ARPC = (Total Revenue) / (Total Number of Customers)

ARPC provides a quick glimpse into the value of your subscribers and can be an indicator of overall growth when increases are seen. Keep in mind that a few large customers can greatly impact the average, so it’s also useful to look at the range of revenue contributed by each customer. ARPC helps to answer questions such as:

  • How much revenue do I earn from each customer?
  • How does the revenue from each customer compare to others?
  • What is my overall revenue growth?
  • If ARPC is decreasing, does that mean that my customers likely to churn?

Quick Ratio / Growth Efficiency

A measure of a company’s ability to grow recurring revenue in spite of churn. Sometimes referred to as growth efficiency. An estimate of the average cost to acquire a new customer.

Quick Ratio = (Cash + Short-term investments + Accounts receivable) / Current liabilities

Quick Ratio helps answers questions such as:

  • Do we have capacity to pay our current liabilities without needing to sell our inventory or get additional funding?

The quick ratio is considered a more conservative measure than the current ratio, which includes all current assets as coverage for current liabilities. The higher the ratio result, the better a company’s liquidity and financial health; the lower the ratio, the more likely the company will struggle with paying debts.

Gross Margin Percentage

The percentage of revenue the company retains after accounting for all the direct costs associated with making a product or providing a service.

Gross Margin Percentage = (Gross Margin) / (Total Revenue)

This metric provides a measure of a business’ profitability. This metric indicates whether sales are sufficient to cover direct costs and is an important signpost to profitability. While the calculation itself is simple, it’s crucial to measure costs of goods sold (COGS) accurately for your business.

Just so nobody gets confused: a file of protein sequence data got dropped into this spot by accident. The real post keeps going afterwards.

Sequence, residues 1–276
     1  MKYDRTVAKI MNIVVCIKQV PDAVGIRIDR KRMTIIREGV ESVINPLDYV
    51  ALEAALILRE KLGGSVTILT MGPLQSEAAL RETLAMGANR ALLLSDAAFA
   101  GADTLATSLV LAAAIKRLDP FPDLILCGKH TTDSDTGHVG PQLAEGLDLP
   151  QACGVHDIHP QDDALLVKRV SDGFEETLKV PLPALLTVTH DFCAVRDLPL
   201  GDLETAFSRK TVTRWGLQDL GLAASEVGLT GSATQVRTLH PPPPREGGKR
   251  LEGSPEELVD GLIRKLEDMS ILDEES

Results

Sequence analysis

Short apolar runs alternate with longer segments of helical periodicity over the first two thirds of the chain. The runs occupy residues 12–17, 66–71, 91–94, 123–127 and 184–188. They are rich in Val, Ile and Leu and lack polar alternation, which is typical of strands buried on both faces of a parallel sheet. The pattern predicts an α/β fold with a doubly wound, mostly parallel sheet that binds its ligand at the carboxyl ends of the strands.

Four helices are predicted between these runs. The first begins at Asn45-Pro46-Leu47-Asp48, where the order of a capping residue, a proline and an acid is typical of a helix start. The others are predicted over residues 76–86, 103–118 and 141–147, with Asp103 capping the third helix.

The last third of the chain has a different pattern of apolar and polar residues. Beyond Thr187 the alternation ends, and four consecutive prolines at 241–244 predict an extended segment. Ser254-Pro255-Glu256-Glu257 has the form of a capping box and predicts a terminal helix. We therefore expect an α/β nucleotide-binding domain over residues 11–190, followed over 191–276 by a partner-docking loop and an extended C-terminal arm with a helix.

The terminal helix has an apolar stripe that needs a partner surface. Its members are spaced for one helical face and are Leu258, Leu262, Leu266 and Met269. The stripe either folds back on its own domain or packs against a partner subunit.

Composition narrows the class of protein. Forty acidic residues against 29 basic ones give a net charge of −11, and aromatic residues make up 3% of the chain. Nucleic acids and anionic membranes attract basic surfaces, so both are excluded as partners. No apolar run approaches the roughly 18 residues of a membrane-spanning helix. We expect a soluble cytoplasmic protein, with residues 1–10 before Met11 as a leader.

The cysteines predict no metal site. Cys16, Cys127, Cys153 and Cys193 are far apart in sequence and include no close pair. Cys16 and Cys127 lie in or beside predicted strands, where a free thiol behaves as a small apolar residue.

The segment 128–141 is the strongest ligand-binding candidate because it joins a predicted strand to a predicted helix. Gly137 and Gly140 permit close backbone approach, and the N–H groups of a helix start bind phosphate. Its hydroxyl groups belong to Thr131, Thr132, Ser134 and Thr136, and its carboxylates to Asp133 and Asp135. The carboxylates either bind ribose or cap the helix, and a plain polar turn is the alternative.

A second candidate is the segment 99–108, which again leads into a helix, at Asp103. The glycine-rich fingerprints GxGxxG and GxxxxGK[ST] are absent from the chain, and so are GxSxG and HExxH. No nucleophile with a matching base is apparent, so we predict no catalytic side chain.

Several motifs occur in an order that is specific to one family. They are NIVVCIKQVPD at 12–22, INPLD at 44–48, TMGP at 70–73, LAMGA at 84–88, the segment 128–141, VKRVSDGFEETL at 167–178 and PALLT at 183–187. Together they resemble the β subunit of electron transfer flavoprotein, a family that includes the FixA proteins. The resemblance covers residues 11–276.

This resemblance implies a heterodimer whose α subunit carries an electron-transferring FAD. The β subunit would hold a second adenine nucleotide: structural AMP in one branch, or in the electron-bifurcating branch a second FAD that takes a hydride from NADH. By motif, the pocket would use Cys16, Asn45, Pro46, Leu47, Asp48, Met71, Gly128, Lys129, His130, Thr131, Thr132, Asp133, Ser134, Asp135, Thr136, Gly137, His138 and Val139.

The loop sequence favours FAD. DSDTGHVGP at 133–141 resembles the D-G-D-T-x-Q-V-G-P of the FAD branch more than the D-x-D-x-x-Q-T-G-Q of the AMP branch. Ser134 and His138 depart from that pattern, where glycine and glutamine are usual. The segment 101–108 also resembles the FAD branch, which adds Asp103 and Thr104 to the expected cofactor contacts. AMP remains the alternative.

This metric answers questions around operational costs and efficiency, such as:

  • How much can we reinvest back into our business?
  • Do our price-points correlate to our costs?

Retention Metrics

Subscriber Churn

Subscriber Churn is the number of subscribers who have ended their subscriptions over a given period, often divided by the reason for ending the subscription: voluntary or involuntary.

Subscriber Churn Rate = (Number of subscribers who have cancelled) / (Total number of subscribers)

Subscriber Churn provides insight into how well a business retains subscribers, and can answer questions such as:

  • How many subscribers ended their subscriptions voluntarily?
  • How many subscribers were lost due to failed payments?
  • Where should I focus my customer retention efforts?

Churn MRR

Churn MRR is the amount of monthly recurring revenue lost due to customer cancellations.

Churn MRR = (MRR from Cancelled Subscriptions) / (Total MRR)

Churn MRR is an important metric for businesses with different pricing tiers, as it allows them to see the impact of customer cancellations on their bottom line. It helps to answer questions such as:

  • How much revenue am I losing due to customer cancellations?
  • How does this compare to my overall revenue?

Cohort analysis

A cohort analysis is a method of observing the behavior of groups of subscribers over a period of time. It is particularly relevant to the examination of subscriber retention, as it enables the analysis of retention (and churn) over time for each group of paying subscribers that subscribed during a specific month.

Cohort analysis is a valuable tool in understanding the evolution of your subscribers. It helps to answer questions such as: